Following Lully’s death in 1687, there was some effort to reconcile this stylistic argument in works that became crowd-pleasers in Europe. One such work was “L’Apothéose de Lulli” for various instruments and continuo (1725) by François Couperin, “composed to the immortal memory of the incomparable Monsieur de Lulli”, in which he endeavors to create a synthesis of the two styles. With Ben David announcing the title of each movement in French and Cohen offering following with the Hebrew translation, the Jerusalem Baroque Orchestra performed the work.  The scene opens with Lully in the Elysian fields in discourse with the shades there.. When Lully is taken up to Parnassus, the music serves to remind us of the great French court composer’s Italian origins.  When Lully and Corelli meet on Parnassus, Apollo declares that the reunion of French “goût” (taste) and Italian style will form musical perfection never heard before. As elegant as it is, this multi-movement masterpiece has an element of humor threaded through it. Believing in the merging of the French and Italian sonata styles (goûts réunis), Couperin takes inspiration from both styles and adapts them to his own. When Lully and Corelli join forces, Couperin casts them in the image of two violins (played by Noam Schuss and Andrea Hallam), in which they “accompany” each other. Lully suggests a melody to Corelli and then vice-versa. And apart from the work’s programmatic content and effects, “L’Apothéose de Lulli” is indeed one of Couperin’s most varied and profound compositions.  The JBO’s performance of it was eloquent, offering duets delightfully played – Geneviève Blanchard and Idit Shemer (flutes), Schuss and Hallam (violins), Schuss and Idit Shemer.

The Jerusalem Baroque Orchestra signed out of this unique event with suave playing of Marc-Antoine Charpentier’s “Gigue anglais”.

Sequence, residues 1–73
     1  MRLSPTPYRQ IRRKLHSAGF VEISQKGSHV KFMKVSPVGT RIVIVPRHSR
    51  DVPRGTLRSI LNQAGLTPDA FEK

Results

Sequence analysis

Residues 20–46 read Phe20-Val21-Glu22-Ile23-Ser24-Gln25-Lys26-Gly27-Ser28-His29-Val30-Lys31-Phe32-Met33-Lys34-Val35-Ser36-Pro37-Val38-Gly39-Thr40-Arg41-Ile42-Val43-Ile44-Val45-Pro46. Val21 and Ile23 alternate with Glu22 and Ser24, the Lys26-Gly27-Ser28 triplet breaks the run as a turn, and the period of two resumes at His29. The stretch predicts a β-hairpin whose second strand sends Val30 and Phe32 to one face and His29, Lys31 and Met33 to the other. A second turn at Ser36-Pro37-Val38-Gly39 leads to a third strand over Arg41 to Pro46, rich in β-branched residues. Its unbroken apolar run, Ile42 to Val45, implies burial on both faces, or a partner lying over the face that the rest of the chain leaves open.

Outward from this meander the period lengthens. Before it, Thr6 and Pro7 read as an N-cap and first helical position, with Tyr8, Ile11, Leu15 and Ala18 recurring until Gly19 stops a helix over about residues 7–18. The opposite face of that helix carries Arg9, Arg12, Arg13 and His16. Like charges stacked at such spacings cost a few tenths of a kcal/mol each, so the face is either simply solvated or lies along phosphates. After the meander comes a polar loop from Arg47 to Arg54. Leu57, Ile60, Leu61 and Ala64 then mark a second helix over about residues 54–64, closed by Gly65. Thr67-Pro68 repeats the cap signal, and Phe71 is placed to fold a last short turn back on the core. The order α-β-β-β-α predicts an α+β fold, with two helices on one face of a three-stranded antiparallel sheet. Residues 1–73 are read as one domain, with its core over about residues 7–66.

Monday, December 7, 2015

Music of the school of National Jewish Art Music performed at the Hebrew University of Jerusalem

On November 24th 2015, “Hymn to a Poet”, the first of three concerts of works by composers of the Jewish Art Music Movement, took place in the National Library of the Hebrew University of Jerusalem. It was organized by the “Joel Engel Nigunim La’ad (Melody Forever) Organization”, established in 2012 by Shirelle Dashevsky, with the aim of promoting Jewish art music and encouraging the composition of Jewish works. Holding concerts in various parts of Israel, the organization has three ensembles: a vocal ensemble, a chamber ensemble and an ensemble specializing in the performance of Jewish instrumental-vocal music in Yiddish, Hebrew and Russian. Most of the artists in these ensembles are immigrants from the Former Soviet Union. Announcing and explaining the evening’s program was Dr. Gila Flam, director of the Music Department (Hebrew University) and the National Sound Archives of the National Library of Israel; she has helped to make this project a reality, making library funds available to include an exhibition of historic scores. The concept is that of Dr. David Ben-Gershon, who has done much research on the composers, on defining the selection of music, obtaining scores, and more. Soprano Shirelle Dashevsky is the program director, selecting and inviting artists, constructing programs and transforming the chosen scores into actual music. The program we heard offered a representative selection of works by several of the key figures of the Jewish Art Music Movement.